0◦C, → 7; 7 + K2CO3, MeOH, 60◦C, → 8; iv, 4 + iron bromide, THF,
65◦C, then pyridine (L), → 4Fe; 6 + iron bromide, DMF, 120◦C, then
pyridine (L) → 6Fe.
Synthesis of various tren-capped porphyrins (L = pyridine).
Finally, having in hand two water-soluble ligands 4 and 6, after
iron(II) insertion according to a well-described methodology,18the
iron complexes were dissolved in a phosphate buffered solution to
which a large excess of pyridine (5 drops for 10 mg of porphyrin)
has previously been added to form the five-coordinate complex.
It should be noted here that this method is only suitable with
those capped porphyrins for which it has been unambiguously
pyridine, 0◦C then rt overnight, vi, NBS, Ph3P, CH2Cl2, −20◦C; vii,
potassium phthalimide, Ph3P, THF, 0◦C; viii, hydrazine, absolute ethanol,
Synthesis of PEG-like substituents. Reagents: v, CH3COCl,
demonstrated that pyridine—or in general, the axial base—was
not able to coordinate inside the pocket to occupy the sixth
coordination site of iron(II). At this point, a first UV-vis. spectrum
was recorded and then dioxygen added.
a six-coordinate complex with a typical blue-shifted (from 424 nm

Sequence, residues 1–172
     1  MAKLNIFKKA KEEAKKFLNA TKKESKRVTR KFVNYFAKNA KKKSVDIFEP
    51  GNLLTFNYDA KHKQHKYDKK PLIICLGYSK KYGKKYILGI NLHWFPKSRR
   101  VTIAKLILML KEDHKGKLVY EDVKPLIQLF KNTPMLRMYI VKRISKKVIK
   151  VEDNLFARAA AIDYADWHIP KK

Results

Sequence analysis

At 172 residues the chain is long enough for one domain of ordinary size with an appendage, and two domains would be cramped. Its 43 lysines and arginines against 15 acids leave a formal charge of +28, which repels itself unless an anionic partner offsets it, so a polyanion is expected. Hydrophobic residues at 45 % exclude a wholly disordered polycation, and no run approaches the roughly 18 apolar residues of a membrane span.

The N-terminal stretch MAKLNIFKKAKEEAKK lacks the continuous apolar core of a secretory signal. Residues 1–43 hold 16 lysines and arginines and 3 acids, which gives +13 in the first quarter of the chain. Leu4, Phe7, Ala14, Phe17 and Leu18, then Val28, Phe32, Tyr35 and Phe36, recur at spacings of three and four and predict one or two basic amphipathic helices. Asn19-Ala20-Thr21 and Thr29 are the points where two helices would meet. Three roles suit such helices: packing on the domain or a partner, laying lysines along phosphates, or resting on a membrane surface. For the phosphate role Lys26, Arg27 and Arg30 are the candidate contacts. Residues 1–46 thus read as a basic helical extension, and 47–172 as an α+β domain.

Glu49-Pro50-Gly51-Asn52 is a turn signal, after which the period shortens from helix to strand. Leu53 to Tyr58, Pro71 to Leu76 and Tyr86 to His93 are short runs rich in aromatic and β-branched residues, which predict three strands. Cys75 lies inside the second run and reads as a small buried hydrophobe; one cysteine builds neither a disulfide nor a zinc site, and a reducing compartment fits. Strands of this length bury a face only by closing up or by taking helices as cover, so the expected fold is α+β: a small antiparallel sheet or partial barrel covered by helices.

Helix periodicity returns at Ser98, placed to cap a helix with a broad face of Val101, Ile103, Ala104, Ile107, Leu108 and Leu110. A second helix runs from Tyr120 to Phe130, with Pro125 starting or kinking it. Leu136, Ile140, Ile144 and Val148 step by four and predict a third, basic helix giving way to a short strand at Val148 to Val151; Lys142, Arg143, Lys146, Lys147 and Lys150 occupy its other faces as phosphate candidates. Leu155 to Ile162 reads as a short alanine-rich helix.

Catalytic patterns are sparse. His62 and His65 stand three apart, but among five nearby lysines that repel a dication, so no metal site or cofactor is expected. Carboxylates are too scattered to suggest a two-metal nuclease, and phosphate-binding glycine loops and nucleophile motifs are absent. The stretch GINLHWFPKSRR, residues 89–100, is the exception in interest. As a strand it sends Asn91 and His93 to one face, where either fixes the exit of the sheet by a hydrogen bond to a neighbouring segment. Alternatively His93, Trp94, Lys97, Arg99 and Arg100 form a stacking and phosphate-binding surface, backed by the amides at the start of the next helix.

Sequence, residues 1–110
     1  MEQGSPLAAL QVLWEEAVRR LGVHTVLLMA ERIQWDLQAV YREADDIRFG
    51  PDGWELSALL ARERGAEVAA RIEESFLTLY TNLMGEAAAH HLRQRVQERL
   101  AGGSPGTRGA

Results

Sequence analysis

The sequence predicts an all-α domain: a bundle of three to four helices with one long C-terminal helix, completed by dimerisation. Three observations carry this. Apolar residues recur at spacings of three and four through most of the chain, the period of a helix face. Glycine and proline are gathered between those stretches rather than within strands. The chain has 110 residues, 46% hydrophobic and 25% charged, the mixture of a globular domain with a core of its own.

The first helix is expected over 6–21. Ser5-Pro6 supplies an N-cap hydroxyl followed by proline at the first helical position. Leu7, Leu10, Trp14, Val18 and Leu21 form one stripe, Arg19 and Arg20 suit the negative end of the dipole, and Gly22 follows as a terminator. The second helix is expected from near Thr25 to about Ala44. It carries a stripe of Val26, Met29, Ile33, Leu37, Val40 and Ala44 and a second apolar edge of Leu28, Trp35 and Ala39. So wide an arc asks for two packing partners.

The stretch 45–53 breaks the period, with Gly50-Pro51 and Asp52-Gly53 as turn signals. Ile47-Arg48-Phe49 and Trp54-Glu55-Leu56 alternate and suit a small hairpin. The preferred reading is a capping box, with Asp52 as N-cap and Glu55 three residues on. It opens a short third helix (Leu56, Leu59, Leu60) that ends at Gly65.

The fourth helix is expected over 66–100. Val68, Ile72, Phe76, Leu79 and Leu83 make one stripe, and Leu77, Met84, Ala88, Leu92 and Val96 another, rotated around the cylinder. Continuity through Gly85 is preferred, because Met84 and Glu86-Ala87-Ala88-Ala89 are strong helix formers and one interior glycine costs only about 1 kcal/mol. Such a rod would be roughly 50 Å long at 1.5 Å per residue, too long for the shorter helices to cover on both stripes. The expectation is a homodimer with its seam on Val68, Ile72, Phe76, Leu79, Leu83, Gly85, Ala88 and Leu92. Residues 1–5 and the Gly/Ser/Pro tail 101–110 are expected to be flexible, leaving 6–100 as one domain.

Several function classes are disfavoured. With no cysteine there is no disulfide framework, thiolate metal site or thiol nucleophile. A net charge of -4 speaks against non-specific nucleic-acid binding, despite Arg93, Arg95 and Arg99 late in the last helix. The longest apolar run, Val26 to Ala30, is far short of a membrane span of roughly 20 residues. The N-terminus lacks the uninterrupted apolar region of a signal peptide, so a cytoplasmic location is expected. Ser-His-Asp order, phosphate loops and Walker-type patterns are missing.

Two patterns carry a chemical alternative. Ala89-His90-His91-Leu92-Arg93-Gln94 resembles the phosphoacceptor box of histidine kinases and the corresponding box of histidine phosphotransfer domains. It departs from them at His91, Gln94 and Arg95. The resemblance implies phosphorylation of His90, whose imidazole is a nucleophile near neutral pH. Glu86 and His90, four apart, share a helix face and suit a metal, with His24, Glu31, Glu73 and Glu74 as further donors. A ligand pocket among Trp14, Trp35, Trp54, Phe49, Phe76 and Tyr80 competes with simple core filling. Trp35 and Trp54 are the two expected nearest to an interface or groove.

to 420 nm) Soret band as illustrated on Fig. 1 for 6Fe. This blue
shift was more pronounced in the case of 4Fe (from 436 nm to
419 nm). Moreover, for the latter, if the UV-vis. absorbance at
436 nm is monitored, it is observed that the absorbance decreased
rapidly (t1/2= 3.3 min, see page S6, supplementary information†)
instead of being stable in equilibrium conditions which would
allow an equilibrium rate measurement, an observation consistent
with an oxidation of the complex in a few minutes. Indeed,
the reversible decoordination of dioxygen was probed by argon
bubbling but without any success.
(phosphate buffer, pH = 7.4, 25◦C).
UV-vis. monitoring of dioxygen binding on 6Fe + pyridine
The same experiment was carried out with iron complex 6Fe.
A similar evolution of the UV-vis. spectra (Fig. 1) was observed
with first, the formation of the oxygen adduct and then, a slow
oxidation of the latter leading to an irreversible reaction. It should
be noted that the half-life time of pyridine-6Fe–O2is twice longer
than that of pyridine-4Fe–O2(t1/2= 7 min, Fig. 2). Even if this
difference is not marked, it remains nevertheless significant as the
1602 | Org. Biomol. Chem., 2007, 5, 1601–1604This journal is © The Royal Society of Chemistry 2007
6Fe + pyridine (phosphate buffer, pH = 7.4, 25◦C).
structure of the capped molecule is exactly the same. The only
structural difference between 4 and 6 consists of the flexible arms
in 4 bearing a terminal carboxylic group. The lower dioxygen
affinity of 4Fe appears inconsistent with the fact that a carboxylic
group around the dioxygen binding site is in favour of a more
stable oxygenated complex. Indeed, it has already been reported
in the case of a CoII–O2“C-clamp” porphyrin, that the presence
of a carboxylic acid around the porphyrin can induce a high O2
binding in DMF solution.19In this instance, the carboxylic group
was brought by a Kemp triacid residue and therefore was located